In my house, chocolate chip cookies are a love language. When my sister and I were sad, when we were happy, when we were furious, when there was no dominant emotion and no reason at all— my mom would mix up a bowl of cookie dough. She uses the recipe on the Nestle chocolate chip bag, but she never actually has to look at the recipe. My sister would get called in before my mom mixed in the chocolate chips because Sadie likes chip-less dough. My mom would put it in the fridge to let it firm up and I would sneak spoonfuls before they went in the oven. More often than not, she brings a batch when she visits us at college. There's a few straggler cookies from months ago still in my freezer. They taste like childhood and adolescence and young adulthood all at once. I think chocolate chip cookies may have this particular taste-memory power over most Americans more than any other food.
It's been a few months since Alison Roman's Dining In came out. I discovered Alison in 2015 when I first got into cooking and she immediately became my career path DREAM GIRL. I adore her approach to food and I was so thrilled to get my hands on her book. If you are at all involved in food communities on Instagram, you've seen what I'm about to show. These are none other than Alison's Salted Butter and Chocolate Chunk Shortbread.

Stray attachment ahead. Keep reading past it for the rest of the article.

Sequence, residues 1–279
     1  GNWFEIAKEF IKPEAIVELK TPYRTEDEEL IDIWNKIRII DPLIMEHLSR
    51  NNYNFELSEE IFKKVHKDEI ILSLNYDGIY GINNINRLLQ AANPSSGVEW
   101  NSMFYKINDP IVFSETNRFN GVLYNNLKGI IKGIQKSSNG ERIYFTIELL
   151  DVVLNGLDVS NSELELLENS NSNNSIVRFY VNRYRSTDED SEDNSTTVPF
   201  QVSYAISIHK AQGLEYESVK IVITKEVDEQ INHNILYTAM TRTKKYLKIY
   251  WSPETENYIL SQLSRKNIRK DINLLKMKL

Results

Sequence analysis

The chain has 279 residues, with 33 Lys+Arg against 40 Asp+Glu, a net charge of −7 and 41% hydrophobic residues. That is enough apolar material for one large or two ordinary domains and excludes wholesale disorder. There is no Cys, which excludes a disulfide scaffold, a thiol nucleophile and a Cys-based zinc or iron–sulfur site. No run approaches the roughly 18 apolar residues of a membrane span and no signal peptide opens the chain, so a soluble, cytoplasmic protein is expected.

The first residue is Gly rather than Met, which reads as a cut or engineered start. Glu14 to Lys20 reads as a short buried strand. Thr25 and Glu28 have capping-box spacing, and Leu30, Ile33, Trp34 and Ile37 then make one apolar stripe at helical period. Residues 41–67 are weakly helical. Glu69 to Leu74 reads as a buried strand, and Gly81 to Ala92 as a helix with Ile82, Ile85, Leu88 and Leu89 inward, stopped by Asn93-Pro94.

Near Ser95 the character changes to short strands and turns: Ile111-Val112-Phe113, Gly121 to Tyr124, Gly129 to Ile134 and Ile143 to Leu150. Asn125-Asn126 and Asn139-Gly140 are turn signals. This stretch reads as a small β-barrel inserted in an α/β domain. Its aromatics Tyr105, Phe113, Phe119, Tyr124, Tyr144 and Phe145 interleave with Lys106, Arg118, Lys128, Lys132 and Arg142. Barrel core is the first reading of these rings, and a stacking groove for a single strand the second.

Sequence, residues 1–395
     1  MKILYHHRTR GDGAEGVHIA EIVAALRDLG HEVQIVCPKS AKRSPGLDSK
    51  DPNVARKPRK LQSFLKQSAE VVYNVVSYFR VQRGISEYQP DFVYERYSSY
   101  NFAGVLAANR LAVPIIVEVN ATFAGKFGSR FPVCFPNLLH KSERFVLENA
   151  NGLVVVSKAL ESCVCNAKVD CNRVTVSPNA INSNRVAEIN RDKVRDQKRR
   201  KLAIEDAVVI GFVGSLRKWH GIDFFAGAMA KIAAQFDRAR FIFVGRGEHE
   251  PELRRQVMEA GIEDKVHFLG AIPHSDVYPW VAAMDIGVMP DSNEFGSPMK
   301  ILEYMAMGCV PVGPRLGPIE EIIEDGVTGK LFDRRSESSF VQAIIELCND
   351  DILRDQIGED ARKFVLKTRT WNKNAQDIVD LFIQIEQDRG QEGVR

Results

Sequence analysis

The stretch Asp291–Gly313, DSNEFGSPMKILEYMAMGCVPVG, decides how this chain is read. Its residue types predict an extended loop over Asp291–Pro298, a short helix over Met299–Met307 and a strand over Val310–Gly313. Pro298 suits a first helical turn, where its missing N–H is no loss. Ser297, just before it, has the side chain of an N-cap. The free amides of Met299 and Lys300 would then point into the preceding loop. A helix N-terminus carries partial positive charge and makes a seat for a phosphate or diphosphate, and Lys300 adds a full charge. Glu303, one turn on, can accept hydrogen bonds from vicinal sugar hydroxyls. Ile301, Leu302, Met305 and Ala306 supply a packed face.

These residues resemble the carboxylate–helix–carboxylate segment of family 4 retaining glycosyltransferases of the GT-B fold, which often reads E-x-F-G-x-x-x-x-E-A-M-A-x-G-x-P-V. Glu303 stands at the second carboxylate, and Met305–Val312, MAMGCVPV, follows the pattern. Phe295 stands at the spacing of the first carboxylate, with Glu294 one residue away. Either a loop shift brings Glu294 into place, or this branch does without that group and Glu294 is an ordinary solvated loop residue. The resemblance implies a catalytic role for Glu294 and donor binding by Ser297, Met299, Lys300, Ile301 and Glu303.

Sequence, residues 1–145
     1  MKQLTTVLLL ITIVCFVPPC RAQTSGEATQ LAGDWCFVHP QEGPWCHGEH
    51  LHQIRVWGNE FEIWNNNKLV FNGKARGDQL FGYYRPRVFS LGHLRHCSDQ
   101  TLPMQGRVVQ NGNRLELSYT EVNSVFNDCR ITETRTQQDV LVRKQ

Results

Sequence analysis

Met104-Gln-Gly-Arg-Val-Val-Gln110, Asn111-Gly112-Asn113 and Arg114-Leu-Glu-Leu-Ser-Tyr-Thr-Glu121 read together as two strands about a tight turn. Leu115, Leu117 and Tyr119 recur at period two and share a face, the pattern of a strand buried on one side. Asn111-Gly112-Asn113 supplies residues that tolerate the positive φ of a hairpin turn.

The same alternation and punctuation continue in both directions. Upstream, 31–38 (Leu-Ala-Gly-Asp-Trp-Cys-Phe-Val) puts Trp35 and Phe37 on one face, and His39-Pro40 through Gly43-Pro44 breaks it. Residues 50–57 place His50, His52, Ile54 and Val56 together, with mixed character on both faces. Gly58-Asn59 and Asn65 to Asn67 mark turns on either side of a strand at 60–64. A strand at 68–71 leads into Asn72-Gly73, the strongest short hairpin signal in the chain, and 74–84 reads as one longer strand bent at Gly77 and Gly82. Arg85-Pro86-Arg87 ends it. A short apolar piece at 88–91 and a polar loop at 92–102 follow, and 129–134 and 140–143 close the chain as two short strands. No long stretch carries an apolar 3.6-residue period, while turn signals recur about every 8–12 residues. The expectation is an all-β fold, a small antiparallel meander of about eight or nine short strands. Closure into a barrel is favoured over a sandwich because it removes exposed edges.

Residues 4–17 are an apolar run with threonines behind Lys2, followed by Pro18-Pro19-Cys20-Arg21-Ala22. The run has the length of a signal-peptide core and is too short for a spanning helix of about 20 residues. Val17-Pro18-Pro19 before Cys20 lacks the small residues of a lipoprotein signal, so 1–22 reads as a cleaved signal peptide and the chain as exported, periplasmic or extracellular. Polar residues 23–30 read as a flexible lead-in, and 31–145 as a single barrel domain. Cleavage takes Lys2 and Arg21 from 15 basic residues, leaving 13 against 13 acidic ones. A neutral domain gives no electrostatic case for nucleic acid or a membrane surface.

Now, unlike Alison (but like the rest of the nation), I love a chocolate chip cookie. But these cookies are something extraordinary. These taste familiar but so unlike the chocolate chip cookie you are expecting. They are deeply textured, brown sugar-bombed delights with just enough chocolate, Demerara sugar-crisped edges, and flaky salt in each bite.
While eating three of them in my bed last night watching Steel Magnolias, I tried to recall what about them tasted so familiar, since they certainly weren't tasting like my mom's Nestle classics. I flipped madly through the chocolate chip cookie Rolodex in my brain. I've eaten so many.
Flipping, I stopped at "Cookies of 2006-2007." After school, student council opened up the "Snack Shack" in the gym for both athletes after sports practice and kids whose parents did not pick them up on time and were really losing it not having eaten for the three hours since lunch. I think my parents were generally prompt, but I would bolt over to the gym with my friends for one thing: Otis Spunkmeyer cookie dough cooked in a toaster oven. The Snack Shack, of course, had no oven. That was perfect for us. The toaster oven barely cooked these morsels of dough, and that was how we liked it. We would eat this scorching-hot processed dough off a napkin with a fork, since it could not hold a shape and we would absolutely not wait for them to cool. Having been spoiled with homemade cookies my entire life, I was taken with the certainly-not-homemade flavor. It's a different flavor than homemade... AND IT'S DELICIOUS. Alison's cookies taste like an gorgeous, elevated, writes-recipes-for-the-New-York-Times version of those grocery store slice-n-bake log cookies that you sometimes crisp up a little too much. FYI that is an enormous compliment, if you somehow don't love grocery store slice-n-bake logs.
I'm fully obsessed with these cookies now, just like every other person on Instagram. I had to stop myself for eating one after BREAKFAST today. Like a monster.